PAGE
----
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Crowded House, Jeff Beck, Matisyahu, Taj Mahal, John Mayall, Angus and Julia Stone, Newton Faulkner, Red Shoes Boy, Mary Gauthier

Posted by craigz , 12 July 2011 · 2765 views

Date: Sunday, 28th Mar 2010
Venue: West Coast Blues and Roots
Reviewer: Cissi Of The Fairies

Going down to Fremantle on Sunday, I noticed it was a lovely day for a festival – a mild sunny day and with barely a cloud to blemish the bright blue sky. This year, the West Coast Blues and Roots festival changed locations from the Esplanade to Fremantle Park, and it was touted by Sunset as being a change for the better, being a more spacious venue. However, I quickly developed doubts about the benefits of changing the venue as I joined the throng of lost festival-goers wandering around the port city with blank looks on their faces, wondering where Fremantle Park was located. “You’re about the 50th person who has asked me - no-one knows where this place is!” said a local shopowner as he gave out directions to yet another group.


Once inside Fremantle Park, my impression of the venue dropped further. A maze-like layout with narrow pathways awaited patrons and it was a battle to navigate from stage to stage. The stalls, food court, merchandise stand and three stages were squashed into the back of the venue, creating bottlenecks everywhere. To make things worse, the picnic zone (this year, people were allowed to picnic) on the hill facing the main stage spilled downhill, with people turning themselves into path hazards as they set up picnic rugs in the standing area.


Thankfully, the music this year was top notch and made up for the frustration of being caught in the crushing crowd. Mary Gauthier’s spare-sounding folk floated through the Theatre Stage to a very receptive seated audience, with her strong alto voice singing about love and redemption while never diving into maudlin sentimentality. A woman with an interesting past – having overcome drugs, alcohol and homelessness as a teenager to open up a restaurant, before writing her first song at age 35 – she was a captivating presence.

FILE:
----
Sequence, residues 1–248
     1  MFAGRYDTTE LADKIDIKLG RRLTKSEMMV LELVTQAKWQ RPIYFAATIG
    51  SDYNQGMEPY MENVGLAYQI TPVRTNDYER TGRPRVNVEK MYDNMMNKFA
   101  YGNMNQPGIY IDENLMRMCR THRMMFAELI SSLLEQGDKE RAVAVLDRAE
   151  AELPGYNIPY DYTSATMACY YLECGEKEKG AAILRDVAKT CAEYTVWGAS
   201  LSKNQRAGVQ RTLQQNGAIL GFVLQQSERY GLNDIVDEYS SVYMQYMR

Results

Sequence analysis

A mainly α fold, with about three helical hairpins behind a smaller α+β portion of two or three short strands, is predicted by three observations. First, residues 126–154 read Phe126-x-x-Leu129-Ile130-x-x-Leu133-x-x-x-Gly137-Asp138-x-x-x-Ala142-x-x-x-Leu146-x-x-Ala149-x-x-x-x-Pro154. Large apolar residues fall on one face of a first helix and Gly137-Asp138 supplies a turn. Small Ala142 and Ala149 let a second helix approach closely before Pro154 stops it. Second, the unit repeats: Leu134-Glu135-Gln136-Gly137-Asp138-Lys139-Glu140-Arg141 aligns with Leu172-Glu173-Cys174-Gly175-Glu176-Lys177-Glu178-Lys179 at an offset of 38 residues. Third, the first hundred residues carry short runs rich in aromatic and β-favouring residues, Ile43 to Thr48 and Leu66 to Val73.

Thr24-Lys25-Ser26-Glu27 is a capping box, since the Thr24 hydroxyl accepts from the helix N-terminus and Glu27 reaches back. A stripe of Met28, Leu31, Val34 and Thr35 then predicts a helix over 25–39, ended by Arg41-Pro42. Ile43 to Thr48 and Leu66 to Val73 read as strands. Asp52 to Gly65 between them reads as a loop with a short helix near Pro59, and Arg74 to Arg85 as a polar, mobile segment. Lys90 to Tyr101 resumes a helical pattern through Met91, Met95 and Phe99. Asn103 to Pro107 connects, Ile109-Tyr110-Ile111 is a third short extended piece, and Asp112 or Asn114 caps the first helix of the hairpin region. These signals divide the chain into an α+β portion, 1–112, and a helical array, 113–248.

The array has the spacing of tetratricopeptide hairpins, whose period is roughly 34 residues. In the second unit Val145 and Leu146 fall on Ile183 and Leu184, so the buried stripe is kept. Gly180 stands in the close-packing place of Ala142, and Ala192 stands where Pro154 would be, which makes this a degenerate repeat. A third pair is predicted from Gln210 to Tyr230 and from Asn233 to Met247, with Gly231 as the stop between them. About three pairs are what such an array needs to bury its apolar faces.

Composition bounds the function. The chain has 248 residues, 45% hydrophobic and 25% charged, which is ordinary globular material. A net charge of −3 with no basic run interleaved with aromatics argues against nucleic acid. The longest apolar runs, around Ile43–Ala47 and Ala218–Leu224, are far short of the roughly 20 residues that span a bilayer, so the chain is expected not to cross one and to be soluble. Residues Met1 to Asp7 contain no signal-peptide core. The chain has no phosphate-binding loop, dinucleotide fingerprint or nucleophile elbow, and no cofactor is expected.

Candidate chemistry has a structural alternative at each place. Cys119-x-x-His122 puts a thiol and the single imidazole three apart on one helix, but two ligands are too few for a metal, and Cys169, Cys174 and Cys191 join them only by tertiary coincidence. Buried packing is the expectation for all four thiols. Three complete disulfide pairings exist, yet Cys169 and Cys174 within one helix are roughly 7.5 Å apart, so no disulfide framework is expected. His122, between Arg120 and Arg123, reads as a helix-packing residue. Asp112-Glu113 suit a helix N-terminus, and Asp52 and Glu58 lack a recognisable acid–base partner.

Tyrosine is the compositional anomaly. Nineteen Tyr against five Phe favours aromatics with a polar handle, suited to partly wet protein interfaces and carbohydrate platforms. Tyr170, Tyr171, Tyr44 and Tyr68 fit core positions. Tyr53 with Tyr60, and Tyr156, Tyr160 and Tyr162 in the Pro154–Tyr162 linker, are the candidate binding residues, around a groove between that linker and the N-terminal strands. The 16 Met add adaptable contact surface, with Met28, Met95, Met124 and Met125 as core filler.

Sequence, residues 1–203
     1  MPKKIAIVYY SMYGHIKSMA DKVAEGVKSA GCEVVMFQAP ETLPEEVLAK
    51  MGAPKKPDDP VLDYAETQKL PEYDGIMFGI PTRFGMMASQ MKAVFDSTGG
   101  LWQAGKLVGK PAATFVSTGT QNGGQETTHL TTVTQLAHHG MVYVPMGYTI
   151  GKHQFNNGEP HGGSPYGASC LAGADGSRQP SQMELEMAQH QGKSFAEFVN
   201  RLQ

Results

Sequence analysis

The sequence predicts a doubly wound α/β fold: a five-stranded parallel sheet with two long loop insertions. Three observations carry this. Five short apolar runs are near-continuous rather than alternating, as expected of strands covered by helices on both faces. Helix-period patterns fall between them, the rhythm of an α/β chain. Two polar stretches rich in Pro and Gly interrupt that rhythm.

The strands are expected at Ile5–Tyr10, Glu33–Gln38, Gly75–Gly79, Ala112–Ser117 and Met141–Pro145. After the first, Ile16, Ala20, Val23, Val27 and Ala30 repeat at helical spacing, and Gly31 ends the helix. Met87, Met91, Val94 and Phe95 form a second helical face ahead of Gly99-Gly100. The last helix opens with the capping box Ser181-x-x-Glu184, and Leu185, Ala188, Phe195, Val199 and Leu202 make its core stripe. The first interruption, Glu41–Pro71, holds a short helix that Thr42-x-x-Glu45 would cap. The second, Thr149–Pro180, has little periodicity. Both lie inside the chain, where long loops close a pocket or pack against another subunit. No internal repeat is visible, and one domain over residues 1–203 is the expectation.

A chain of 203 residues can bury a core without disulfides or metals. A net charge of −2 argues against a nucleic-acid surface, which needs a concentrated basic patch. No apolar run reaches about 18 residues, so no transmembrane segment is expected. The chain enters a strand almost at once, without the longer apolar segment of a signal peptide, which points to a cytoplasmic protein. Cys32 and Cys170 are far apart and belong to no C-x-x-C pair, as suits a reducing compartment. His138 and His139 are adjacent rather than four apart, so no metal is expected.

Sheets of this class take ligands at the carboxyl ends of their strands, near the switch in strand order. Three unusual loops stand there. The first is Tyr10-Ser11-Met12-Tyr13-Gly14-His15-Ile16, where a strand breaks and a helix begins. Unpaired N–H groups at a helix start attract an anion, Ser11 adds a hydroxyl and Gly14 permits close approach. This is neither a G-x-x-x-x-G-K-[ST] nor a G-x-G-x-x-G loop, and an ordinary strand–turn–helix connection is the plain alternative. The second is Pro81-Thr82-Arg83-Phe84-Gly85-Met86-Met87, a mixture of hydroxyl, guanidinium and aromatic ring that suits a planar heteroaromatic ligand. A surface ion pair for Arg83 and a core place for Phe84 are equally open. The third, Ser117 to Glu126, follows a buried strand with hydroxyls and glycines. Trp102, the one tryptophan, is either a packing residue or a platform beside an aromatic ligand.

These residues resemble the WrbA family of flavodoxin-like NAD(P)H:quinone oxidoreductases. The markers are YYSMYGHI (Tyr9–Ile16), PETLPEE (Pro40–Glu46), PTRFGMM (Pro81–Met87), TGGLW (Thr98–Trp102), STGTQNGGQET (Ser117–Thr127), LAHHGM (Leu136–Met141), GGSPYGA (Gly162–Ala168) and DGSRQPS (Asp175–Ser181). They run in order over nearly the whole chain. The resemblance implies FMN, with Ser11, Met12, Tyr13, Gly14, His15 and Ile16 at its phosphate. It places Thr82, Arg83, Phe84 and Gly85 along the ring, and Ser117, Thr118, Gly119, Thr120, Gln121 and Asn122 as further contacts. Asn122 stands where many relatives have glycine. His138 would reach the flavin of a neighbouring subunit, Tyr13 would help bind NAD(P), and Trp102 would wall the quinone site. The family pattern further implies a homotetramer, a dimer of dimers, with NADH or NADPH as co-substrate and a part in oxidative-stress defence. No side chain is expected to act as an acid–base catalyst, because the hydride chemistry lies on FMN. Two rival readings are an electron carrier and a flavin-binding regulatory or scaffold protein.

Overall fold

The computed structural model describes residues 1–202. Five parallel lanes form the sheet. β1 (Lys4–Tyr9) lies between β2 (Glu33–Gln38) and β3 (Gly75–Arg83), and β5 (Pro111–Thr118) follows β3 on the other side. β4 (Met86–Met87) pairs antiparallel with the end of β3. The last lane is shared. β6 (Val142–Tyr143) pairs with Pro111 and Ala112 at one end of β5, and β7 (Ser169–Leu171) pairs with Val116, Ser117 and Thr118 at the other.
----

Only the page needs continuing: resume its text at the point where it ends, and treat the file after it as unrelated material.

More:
Over on the Market Stage, local act Red Shoes Boy rocked out with some raucous 60s blues. They quickly got the crowd thumping with an inspired set of raw, groove-based rock punctuated with raspy vocals, slide guitar and a wailing harmonica. Definitely a band to look out for at local traps.


Newton Faulker showed that one man and a guitar could indeed rock out alone on a large stage. Swinging his substantial trademark red dreadlocks from side to side, he belted out rootsy folk and quickly got the large crowd dancing with his hard, percussive strumming style. The barefooted troubadour then sat down in front of a large foot-powered organ to show a more mellow side to his playing, which unfortunately sapped away the energy he had built up earlier.


The prize for the most beautiful set design at this year’s Blues and Roots goes to Angus and Julia Stone, with a whimsically decorated stage filled with crooked paintings hanging off a yellow-and-brown pinstripe backdrop, old lamps and various bric-a-brac (the model ship on a guitar amp and the old food tins on the keyboard were highlights). Unfortunately, technical issues delayed the start by over 20mins and when the band finally hit the stage, they seemed somewhat perturbed by the delay and gave a dull, disappointing performance. Angus, in particular, seemed disinterested with the proceedings, but at least Julia attempted to liven the band's presence with some charming dancing.


John Mayall was in trailblazing form on the Theatre Stage, which was now devoid of chairs and was standing room only, with blurry men in flannel competing for a place up the front. The 76 year old Mayall belied his age and made the harmonica bend and scream to his will, as well as tinkling away on the keyboards. Backed by a great band (including an amazing virtuoso keyboardist), he tore through some new material as well as songs from his legendary Bluesbreaker era.


“The blues don’t have to be sad to be good”, announced bluesman Taj Mahal at the Big Top stage and he was right. Starting his set with some great instrumental blues where he made his vintage passionately guitar scream and wail, he then launched into a song about dancing women and how he enjoyed watching gyrating hips.